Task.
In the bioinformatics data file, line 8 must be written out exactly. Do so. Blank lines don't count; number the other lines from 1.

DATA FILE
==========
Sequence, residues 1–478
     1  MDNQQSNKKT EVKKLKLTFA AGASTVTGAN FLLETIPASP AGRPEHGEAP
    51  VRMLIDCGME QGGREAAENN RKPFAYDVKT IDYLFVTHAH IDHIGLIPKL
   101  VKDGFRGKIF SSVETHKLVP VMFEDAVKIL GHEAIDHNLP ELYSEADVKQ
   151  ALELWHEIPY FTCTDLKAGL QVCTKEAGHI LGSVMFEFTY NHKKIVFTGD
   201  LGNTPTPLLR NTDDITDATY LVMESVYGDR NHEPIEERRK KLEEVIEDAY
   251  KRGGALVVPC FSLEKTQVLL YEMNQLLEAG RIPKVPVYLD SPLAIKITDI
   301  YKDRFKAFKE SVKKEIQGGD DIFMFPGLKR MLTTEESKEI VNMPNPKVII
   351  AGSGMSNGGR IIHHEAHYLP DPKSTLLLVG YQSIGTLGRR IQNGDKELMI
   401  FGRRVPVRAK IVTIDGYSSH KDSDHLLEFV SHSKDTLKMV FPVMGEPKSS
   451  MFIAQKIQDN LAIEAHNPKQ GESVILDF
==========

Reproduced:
   301  YKDRFKAFKE SVKKEIQGGD DIFMFPGLKR MLTTEESKEI VNMPNPKVII